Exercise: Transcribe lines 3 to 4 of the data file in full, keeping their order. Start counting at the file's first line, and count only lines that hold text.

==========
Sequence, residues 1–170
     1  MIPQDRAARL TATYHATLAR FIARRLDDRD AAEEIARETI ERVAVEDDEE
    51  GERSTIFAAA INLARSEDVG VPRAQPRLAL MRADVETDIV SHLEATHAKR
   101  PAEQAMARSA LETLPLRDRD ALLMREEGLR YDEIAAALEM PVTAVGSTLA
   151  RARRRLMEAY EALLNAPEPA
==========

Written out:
    51  GERSTIFAAA INLARSEDVG VPRAQPRLAL MRADVETDIV SHLEATHAKR
   101  PAEQAMARSA LETLPLRDRD ALLMREEGLR YDEIAAALEM PVTAVGSTLA